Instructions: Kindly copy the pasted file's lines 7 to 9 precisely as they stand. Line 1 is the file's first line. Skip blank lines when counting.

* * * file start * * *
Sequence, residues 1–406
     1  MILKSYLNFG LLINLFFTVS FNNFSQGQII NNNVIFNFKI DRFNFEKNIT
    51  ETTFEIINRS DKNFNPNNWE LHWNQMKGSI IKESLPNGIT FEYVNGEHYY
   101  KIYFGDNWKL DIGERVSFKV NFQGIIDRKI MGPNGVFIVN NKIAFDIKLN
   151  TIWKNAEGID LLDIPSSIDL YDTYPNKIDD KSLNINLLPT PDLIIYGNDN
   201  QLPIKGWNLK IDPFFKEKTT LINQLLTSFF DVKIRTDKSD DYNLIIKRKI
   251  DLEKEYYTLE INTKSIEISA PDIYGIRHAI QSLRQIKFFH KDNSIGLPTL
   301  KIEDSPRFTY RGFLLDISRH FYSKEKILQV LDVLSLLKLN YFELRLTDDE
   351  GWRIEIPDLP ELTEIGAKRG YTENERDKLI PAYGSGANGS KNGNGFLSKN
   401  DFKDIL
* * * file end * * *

   251  DLEKEYYTLE INTKSIEISA PDIYGIRHAI QSLRQIKFFH KDNSIGLPTL
   301  KIEDSPRFTY RGFLLDISRH FYSKEKILQV LDVLSLLKLN YFELRLTDDE
   351  GWRIEIPDLP ELTEIGAKRG YTENERDKLI PAYGSGANGS KNGNGFLSKN